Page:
Mr Tan and his wife, Chuah Woei Woei, had Lara eight years after they got married. The couple married after a year of dating and felt that they would be better parents if they waited for some time before having a child.

Despite them being parents at an older age - Mr Tan at 40 and Ms Chuah in her 30s then - it was a choice that the couple don’t regret. Neither did they think about having another child.

“We didn’t have much help then as our parents live in Penang,” says Ms Chuah, who works in a bank. Lara, now 15, also didn’t want a sibling. “We asked her before, and she told us not to worry as she is fine by herself,” says Ms Chuah. Mr Tan adds, “parents need to listen to their kids.”

The proud father describes his daughter as “self-driven and very sensible”, and as her parents, they hardly ever had to worry about her.

He laughs when asked if he considers himself a tiger dad. Lara, a secondary three student, jumps in and declares, “If anything, he’s like a kitten. I’m not even a tiger daughter, I’m a Godzilla daughter.”

She describes herself as very ambitious, while her father does not compel her to do things, but nudges her gently.

Mr Tan says, “Fathering has been simple because Lara has a great mother in Woei Woei, who is the perfect example for her to emulate. What she is today is 90 per cent her mother’s hard work and care.”

Ms Chuah plans Lara’s needs and time, and when her daughter was younger, she  would come home at lunch time to spend time with her. Even today, she still walks Lara to school.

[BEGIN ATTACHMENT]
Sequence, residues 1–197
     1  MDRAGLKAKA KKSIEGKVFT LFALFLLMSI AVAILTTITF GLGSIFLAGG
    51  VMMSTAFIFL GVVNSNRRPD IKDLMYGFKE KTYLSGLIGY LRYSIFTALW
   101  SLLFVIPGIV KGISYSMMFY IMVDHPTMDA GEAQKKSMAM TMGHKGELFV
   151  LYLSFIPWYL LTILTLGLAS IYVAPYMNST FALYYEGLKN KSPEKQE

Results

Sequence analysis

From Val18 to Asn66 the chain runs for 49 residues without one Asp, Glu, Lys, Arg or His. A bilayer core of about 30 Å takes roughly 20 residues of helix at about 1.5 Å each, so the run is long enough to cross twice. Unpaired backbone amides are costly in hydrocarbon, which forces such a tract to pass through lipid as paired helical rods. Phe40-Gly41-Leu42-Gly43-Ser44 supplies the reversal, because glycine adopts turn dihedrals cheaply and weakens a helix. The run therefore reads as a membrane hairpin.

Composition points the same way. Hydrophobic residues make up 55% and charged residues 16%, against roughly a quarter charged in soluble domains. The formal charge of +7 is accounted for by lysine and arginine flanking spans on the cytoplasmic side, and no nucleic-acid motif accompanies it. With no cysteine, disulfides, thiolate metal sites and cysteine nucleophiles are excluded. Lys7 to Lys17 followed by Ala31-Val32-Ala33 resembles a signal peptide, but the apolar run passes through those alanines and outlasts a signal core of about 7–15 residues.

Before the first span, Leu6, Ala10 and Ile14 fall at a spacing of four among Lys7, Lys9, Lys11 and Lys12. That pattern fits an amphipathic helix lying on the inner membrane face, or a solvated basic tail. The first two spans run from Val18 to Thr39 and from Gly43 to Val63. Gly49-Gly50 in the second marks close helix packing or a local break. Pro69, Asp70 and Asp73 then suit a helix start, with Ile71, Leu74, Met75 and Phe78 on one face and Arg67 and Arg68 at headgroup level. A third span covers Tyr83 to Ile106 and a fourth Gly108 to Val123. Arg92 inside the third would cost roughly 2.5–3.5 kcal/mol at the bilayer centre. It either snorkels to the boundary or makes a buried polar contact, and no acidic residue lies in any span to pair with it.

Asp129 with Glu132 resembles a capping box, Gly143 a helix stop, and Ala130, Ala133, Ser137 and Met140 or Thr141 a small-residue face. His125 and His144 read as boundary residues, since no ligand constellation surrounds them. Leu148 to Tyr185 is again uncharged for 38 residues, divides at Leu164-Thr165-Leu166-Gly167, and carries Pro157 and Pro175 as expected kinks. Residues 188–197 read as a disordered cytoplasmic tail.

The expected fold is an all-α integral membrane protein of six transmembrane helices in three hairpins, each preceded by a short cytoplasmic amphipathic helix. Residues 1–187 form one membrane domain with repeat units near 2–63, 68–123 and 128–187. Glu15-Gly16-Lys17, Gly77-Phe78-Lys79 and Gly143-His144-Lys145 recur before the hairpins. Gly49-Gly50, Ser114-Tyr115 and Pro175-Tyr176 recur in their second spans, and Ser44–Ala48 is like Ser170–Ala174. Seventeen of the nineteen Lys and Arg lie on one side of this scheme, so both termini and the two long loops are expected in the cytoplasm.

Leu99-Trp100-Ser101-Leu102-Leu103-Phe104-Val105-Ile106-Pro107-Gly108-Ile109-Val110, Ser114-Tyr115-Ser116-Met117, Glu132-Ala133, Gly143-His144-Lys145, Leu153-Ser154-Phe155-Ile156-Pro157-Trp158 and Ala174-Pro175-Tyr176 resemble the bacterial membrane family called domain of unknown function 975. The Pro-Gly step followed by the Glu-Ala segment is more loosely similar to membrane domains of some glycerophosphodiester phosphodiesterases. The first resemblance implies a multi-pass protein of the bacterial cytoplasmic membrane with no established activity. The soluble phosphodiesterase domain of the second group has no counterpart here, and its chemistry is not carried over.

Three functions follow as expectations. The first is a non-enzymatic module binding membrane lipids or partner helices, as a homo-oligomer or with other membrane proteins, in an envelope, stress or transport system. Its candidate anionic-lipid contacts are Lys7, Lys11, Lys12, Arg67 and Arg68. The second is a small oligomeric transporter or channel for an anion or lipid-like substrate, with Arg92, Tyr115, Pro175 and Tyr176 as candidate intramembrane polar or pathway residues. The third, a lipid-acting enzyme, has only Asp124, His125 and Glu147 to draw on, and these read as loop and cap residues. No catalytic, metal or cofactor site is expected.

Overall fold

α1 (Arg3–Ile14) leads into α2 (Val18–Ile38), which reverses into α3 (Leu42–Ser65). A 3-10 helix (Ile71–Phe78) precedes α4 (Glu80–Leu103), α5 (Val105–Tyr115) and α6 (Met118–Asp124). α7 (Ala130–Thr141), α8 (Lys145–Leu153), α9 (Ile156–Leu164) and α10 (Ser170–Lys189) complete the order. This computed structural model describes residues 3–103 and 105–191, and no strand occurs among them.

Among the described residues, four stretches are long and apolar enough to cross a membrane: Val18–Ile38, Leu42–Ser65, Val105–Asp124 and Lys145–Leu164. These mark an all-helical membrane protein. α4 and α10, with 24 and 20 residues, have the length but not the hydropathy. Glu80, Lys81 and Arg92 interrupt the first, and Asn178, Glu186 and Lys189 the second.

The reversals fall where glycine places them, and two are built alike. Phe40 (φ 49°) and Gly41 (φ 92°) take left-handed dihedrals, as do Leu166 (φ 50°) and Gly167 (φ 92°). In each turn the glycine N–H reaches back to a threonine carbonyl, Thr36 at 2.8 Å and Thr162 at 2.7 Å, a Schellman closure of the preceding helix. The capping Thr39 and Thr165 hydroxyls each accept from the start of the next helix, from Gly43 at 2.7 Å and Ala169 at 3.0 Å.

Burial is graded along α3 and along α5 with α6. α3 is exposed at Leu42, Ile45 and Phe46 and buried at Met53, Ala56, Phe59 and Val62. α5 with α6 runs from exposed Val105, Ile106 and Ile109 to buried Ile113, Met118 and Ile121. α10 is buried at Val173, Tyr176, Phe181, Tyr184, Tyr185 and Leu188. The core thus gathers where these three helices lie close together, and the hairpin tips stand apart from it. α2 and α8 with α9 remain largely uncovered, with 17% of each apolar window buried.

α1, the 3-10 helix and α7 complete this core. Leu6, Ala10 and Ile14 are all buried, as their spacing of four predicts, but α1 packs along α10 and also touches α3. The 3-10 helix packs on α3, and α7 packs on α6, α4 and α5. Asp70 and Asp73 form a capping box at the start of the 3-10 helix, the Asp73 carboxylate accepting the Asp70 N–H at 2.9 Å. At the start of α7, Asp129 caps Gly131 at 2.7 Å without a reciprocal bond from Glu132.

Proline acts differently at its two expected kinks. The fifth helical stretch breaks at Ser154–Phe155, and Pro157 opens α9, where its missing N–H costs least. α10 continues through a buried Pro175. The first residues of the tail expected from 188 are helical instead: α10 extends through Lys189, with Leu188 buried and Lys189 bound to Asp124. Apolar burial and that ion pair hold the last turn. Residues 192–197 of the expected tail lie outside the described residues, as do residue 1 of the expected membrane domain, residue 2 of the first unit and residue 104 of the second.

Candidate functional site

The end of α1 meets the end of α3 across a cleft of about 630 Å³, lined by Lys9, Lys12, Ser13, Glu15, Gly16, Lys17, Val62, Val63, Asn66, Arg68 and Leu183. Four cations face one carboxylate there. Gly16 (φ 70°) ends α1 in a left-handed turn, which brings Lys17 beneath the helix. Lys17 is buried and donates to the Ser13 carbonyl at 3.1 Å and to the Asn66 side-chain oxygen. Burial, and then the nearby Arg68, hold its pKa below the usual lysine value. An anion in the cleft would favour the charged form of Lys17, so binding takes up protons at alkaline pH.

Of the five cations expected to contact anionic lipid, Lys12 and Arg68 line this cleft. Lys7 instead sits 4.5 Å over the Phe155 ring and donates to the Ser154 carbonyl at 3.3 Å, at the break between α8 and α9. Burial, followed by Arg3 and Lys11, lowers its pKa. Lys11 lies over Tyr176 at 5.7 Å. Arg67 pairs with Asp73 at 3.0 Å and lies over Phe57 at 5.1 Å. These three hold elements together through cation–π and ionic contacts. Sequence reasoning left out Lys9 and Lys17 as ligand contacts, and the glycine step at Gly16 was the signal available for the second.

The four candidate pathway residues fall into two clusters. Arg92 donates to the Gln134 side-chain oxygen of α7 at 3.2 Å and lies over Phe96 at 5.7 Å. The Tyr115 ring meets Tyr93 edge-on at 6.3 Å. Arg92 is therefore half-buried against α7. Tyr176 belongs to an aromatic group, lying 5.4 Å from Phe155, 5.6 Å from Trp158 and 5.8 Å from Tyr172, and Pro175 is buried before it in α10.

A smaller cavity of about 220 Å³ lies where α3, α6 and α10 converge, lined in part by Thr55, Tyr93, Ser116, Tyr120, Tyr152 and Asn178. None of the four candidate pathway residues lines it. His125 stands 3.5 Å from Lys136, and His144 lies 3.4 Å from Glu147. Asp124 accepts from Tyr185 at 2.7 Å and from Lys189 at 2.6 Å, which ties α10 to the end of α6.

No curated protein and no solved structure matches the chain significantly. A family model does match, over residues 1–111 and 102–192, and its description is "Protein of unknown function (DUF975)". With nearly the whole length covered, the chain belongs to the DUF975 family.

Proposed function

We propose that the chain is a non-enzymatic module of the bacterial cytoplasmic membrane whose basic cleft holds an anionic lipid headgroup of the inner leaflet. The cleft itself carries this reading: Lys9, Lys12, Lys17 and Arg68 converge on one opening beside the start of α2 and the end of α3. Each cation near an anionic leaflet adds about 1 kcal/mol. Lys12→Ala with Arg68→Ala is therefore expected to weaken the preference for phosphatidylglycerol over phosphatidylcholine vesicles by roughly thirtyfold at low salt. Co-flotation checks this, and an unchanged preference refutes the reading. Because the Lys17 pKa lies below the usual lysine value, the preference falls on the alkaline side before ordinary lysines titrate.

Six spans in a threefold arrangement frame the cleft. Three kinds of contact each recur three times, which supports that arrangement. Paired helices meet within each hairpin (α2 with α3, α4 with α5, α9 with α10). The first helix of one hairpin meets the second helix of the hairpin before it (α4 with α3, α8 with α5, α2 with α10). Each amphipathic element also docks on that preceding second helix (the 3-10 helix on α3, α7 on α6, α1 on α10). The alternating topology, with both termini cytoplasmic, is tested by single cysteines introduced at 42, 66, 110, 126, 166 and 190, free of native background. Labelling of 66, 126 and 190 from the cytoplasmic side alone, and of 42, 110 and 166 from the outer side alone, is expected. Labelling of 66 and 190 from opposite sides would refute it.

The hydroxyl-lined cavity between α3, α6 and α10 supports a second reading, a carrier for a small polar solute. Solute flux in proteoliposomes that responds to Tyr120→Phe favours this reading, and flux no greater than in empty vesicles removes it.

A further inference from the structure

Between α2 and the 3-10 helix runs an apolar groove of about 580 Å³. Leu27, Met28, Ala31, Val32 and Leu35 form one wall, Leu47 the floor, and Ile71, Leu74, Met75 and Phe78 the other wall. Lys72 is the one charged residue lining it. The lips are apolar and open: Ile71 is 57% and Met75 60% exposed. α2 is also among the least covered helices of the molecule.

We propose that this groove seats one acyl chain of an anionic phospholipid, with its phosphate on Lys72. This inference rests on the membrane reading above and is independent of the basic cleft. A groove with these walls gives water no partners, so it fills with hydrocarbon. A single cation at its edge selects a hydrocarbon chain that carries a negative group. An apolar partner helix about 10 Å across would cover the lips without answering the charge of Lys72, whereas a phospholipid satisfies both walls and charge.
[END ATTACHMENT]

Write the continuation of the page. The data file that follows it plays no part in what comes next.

Mr Tan says, “My role is to fill in the blanks.” He provides for her what she cannot learn in school, such as exposure to the real world. He does this by taking the family on holidays, to places such as Petra in Jordan, to see the Northern Lights in Iceland and to Machu Picchu in Peru.

As a music lover, Mr Tan also makes it a point to show Lara leading concert halls, great opera houses and famous libraries of the world, because “music shapes our hearts and literature, our souls,” he says.

The love for music has rubbed off on Lara, a soprano with New Opera Singapore and a viola player.

Mr Tan believes his parenting instincts come from learning from his father, who isn’t a pushy person. “It is all about balance.”

There are rules that he sets himself, such as leading without stifling and sharing without imposing. “There has to be a balance between guidance and letting the child parent themselves; between giving them roots and stability and wings and freedom; and setting the child right when the need arises and allowing her to discover and right her own wrongs,” he says.

While being a father is a full-time job, Mr Tan hasn’t forgotten about spending time with his wife. They go out on dates, movie nights and on short getaways with Lara’s encouragement.

Lara talks to her dad about school issues, but when it comes to puberty talk, she turns to mum. The idea of having a boyfriend hasn’t popped into her head yet, but already Mr Tan has a way to test if a guy is good enough to be Lara’s boyfriend.

Both father and daughter are history buffs, so any potential boyfriends should brush up on that subject.

“It’s just to see whether the guy is cultured, and Lara approves of this test too,” says Mr Tan with a laugh. “But if the boy fails the test, Woei Woei and I will leave the decision to Lara.”


Cheng Liang Kheng, 49,
managing director of  Cheng Yew Heng Candy Factory